For a mere $350, you’re going to get a top notch Android phone. During my 2+ months of ownership, the performance has been stellar – even better than the recently-reviewed LG G3. The OnePlus One has become my daily driver and I haven’t put it down since the first time I turned it on.
The OPO comes equipped with the 2.45GHz Snapdragon 801 processor (also found in the Galaxy S5, HTC One M8), Adreno 330 GPU and a whopping 3GB of RAM. This combination with CyanogenMod has made it fluid and almost lag-free. I rarely experienced any type to hiccups or sudden shutoffs. You will be very pleased with the OnePlus One performance and then some.
The audio is where this phone cannot touch the One M8 . The sound quality of the speakers is okay at best. It is not as powerful as I would have wanted it to be but I will not complain about it. If you use headphones to listen to music, you should definitely check out AudioFX. In it, you’ll be able to adjust the quality of the sound.
Another bugger is the call volume. It is pretty low. An update supposedly took care of it but not in my OnePlus One. I had to use Root Explorer to access the “mixer_path.xml” file and increase the volume value. (This requires root)
During the first weeks of use, I was able to get over 15-16 hours of use with 3+ hours of screen time. This average has dropped a bit but overall, I am very pleased the battery life I am getting with this phone. None of the high end phones can come close to it. The OnePlus One has become the only phone I can take out with me without worrying that it’ll die on me. We can thank OnePlus for including a 3,100 mAh battery (non-removable) and pairing it with the optimized CynogenMod ROM. When it comes to battery life, this $300 phone crushes the other flagship phones.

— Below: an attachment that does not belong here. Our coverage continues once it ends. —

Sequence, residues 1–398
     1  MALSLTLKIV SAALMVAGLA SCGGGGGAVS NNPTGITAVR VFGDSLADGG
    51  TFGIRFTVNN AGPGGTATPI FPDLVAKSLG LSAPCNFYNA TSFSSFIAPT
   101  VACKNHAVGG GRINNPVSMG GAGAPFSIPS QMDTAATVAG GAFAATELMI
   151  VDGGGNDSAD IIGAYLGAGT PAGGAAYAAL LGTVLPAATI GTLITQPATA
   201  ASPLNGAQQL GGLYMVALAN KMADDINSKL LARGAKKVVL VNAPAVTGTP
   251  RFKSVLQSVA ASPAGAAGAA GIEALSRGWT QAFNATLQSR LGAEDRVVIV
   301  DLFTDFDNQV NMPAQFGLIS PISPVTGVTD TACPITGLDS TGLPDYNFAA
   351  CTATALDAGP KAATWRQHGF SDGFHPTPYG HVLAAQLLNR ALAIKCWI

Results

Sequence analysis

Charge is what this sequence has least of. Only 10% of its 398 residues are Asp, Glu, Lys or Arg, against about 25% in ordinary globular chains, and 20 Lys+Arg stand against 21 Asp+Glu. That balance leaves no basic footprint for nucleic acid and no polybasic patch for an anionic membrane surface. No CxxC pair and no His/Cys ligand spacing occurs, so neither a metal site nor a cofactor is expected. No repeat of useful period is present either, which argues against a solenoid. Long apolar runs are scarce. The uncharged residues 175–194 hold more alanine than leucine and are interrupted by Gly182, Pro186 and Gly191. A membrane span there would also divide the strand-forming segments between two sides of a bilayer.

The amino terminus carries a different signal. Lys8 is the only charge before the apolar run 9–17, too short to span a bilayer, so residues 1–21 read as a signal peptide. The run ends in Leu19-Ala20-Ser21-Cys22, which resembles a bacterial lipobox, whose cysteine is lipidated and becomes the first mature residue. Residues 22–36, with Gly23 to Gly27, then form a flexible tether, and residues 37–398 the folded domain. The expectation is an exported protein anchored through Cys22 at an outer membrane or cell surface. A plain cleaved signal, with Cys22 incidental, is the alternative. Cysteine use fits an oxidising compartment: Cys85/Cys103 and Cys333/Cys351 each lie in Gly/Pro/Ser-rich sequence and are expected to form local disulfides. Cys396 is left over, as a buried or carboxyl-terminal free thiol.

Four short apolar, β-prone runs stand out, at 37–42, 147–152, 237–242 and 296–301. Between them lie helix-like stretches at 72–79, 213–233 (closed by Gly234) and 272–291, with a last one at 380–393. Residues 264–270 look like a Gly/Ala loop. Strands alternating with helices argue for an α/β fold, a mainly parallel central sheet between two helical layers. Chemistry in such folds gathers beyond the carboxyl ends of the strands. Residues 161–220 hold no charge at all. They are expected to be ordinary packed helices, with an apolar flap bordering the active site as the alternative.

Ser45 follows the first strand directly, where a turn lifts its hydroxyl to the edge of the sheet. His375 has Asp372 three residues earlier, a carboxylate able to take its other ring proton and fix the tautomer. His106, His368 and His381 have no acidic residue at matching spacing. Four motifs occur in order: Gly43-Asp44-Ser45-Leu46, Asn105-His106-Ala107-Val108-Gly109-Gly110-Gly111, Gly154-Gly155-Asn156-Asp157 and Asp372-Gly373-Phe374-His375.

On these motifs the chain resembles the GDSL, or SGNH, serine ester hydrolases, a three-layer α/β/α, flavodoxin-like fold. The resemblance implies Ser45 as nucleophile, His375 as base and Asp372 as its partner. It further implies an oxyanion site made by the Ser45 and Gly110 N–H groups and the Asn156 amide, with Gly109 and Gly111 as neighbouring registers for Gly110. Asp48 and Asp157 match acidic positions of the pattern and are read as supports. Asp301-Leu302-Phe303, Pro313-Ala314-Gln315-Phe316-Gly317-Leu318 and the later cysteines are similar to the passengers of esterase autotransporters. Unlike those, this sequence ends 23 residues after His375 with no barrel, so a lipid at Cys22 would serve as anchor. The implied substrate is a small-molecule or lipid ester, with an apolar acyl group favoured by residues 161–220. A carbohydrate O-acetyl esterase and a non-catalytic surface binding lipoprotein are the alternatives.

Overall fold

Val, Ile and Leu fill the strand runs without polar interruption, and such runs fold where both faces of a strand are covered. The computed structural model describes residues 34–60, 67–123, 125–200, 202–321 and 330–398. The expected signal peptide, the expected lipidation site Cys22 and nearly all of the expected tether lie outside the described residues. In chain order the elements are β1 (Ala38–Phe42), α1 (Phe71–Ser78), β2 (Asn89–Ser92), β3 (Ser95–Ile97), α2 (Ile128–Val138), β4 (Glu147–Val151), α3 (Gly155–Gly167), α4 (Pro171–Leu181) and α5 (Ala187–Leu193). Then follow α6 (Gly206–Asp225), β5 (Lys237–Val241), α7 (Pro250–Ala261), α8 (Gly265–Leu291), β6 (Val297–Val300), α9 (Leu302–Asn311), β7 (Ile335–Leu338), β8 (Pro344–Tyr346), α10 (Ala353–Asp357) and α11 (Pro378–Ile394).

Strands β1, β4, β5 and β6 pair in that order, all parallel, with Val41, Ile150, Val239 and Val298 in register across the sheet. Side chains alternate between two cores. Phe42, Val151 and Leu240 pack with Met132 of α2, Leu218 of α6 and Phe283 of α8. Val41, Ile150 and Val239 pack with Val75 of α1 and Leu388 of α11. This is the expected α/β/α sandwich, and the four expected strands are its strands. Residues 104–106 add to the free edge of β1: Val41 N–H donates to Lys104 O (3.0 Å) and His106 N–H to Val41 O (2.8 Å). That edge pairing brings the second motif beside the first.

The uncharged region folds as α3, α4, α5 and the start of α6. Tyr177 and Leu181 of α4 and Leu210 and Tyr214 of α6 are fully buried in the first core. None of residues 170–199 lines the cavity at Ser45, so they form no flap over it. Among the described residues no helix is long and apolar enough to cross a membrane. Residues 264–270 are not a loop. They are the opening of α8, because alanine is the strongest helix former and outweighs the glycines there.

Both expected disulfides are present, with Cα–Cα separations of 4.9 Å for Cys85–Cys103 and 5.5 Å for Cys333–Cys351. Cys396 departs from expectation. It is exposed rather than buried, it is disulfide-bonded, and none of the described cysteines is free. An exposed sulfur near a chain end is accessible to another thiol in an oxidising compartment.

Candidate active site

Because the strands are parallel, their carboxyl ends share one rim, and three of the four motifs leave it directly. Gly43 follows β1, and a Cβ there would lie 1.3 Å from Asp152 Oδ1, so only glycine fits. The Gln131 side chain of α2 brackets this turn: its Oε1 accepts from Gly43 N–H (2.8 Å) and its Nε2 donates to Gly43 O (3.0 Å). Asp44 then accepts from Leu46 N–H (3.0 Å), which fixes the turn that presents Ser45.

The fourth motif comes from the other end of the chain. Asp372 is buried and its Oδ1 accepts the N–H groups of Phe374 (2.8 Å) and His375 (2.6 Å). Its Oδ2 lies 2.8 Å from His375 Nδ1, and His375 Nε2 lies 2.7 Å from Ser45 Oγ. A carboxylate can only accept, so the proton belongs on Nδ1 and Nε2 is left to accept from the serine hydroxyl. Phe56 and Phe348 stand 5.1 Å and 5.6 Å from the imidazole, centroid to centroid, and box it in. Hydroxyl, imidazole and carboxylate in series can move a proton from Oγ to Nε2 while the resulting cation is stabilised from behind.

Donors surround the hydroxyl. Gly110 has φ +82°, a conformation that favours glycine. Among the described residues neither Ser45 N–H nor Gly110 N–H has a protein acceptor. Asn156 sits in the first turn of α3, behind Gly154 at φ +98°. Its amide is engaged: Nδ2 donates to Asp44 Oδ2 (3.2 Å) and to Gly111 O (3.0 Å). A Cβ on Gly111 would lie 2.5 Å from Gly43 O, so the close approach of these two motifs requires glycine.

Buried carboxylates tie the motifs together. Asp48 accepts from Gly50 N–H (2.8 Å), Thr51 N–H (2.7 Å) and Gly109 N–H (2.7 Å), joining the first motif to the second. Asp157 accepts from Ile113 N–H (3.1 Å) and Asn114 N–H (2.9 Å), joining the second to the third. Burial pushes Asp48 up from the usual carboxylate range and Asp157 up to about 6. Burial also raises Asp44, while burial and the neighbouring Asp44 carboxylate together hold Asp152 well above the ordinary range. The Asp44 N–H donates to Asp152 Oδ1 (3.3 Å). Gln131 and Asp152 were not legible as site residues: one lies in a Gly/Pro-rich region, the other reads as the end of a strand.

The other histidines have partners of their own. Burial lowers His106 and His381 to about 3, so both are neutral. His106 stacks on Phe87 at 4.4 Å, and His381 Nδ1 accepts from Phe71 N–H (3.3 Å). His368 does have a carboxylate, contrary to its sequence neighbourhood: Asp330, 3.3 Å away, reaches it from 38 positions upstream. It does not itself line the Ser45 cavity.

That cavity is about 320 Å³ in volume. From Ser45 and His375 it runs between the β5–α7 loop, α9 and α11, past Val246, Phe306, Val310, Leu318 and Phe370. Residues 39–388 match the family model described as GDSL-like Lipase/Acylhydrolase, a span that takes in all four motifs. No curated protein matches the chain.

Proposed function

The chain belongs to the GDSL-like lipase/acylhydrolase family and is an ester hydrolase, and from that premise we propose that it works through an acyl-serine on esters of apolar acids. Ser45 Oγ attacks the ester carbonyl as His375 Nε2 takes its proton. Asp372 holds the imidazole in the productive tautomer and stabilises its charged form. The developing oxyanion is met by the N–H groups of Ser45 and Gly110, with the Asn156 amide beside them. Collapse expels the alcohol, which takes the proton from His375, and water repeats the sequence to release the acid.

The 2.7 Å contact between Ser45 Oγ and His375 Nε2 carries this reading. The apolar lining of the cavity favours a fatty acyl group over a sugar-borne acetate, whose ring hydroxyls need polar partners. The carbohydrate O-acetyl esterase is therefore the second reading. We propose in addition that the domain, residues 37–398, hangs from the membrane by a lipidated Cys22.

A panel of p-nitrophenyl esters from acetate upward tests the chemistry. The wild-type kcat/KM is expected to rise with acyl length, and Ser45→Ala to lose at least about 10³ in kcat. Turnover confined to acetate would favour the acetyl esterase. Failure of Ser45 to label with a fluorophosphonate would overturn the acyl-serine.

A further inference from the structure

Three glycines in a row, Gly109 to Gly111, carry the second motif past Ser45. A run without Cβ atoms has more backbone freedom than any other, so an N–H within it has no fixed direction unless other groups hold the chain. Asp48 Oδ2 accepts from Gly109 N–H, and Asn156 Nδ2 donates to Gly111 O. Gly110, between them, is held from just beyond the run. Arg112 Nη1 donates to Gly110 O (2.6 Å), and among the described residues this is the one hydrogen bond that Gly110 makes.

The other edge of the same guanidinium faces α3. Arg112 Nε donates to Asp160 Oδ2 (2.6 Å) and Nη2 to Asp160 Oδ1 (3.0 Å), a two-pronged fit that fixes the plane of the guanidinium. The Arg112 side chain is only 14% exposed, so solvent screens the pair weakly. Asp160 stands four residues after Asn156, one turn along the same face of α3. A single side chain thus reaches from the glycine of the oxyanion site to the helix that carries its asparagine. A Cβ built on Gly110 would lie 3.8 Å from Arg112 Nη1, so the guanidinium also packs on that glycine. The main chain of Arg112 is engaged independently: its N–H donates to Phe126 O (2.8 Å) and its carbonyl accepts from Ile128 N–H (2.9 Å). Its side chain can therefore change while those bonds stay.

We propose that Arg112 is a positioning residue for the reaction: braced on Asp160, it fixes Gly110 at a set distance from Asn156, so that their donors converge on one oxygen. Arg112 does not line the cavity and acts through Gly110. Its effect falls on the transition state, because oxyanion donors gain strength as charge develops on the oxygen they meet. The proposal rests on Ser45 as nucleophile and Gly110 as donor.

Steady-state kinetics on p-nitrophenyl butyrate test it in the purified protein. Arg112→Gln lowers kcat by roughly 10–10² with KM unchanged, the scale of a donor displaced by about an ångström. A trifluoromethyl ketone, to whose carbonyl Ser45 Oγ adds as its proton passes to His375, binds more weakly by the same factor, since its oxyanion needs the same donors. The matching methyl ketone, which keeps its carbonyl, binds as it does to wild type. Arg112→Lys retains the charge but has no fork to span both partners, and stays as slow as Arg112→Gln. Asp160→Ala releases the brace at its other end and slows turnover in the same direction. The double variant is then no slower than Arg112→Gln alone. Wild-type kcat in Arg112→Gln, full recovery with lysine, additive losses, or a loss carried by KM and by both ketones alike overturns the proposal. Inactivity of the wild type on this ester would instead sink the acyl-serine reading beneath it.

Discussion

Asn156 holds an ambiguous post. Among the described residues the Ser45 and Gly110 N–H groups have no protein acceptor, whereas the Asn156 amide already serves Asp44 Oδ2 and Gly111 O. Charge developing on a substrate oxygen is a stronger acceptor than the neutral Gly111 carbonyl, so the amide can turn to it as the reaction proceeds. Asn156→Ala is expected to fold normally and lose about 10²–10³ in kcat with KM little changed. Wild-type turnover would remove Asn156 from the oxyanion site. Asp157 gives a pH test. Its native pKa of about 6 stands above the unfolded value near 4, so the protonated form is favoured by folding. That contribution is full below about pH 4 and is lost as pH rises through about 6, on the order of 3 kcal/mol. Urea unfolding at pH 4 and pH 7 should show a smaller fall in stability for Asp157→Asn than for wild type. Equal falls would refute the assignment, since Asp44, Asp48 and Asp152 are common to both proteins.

I am a firm believer in using an actual camera to take nice pictures (I personally love my Olympus E-M1). But recently, with evolution of cameras in phones, I am starting to change my mind.
The OnePlus offers a 13-megapixel Sony Exmor camera with an f/2.0 aperture and dual LED flash. Its 5-megapixel camera is great for selfies. It also supports 4K video recording at 30fps, 1080p at 60fps and 720p at 120fps.
The overall quality of the pictures and videos I have taken with it is good but not great. The photos taken are on 4:3 format not 16:9. Taking the affordable price tag into consideration, I’d say that this the best camera you can get on a phone that is $300. Auto-focusing is a bit off. You’d have to keep tapping on your target to force your phone to focus on it. The colors are bit washed out but once again, they’re acceptable and I am personally satisfied with that. In low light condition, even with the f/2.0 aperture had a hard time getting enough light to the pictures. Check out the gallery below and let us know what you think.
- Beautiful design
- Fast & responsive
- Battery life is stellar
- CyanogenMod is the closest thing to stock Android
- Invite system
- Camera could be better
- No microSD slot
- No removable battery
If you have been waiting to get an invite to buy the OnePlus One, I’d say be patient. This phone is totally worth the wait and it will not hurt your pocket.